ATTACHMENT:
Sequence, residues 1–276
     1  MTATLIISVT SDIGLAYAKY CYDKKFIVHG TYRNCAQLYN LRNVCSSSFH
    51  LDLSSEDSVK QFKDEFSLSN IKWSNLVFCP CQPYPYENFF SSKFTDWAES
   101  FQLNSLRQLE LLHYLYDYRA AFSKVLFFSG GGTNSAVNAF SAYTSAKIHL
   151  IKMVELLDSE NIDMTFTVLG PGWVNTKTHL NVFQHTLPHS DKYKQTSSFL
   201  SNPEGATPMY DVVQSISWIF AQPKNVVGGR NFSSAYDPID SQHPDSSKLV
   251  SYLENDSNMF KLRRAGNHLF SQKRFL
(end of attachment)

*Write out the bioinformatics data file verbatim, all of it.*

Sequence, residues 1–276
     1  MTATLIISVT SDIGLAYAKY CYDKKFIVHG TYRNCAQLYN LRNVCSSSFH
    51  LDLSSEDSVK QFKDEFSLSN IKWSNLVFCP CQPYPYENFF SSKFTDWAES
   101  FQLNSLRQLE LLHYLYDYRA AFSKVLFFSG GGTNSAVNAF SAYTSAKIHL
   151  IKMVELLDSE NIDMTFTVLG PGWVNTKTHL NVFQHTLPHS DKYKQTSSFL
   201  SNPEGATPMY DVVQSISWIF AQPKNVVGGR NFSSAYDPID SQHPDSSKLV
   251  SYLENDSNMF KLRRAGNHLF SQKRFL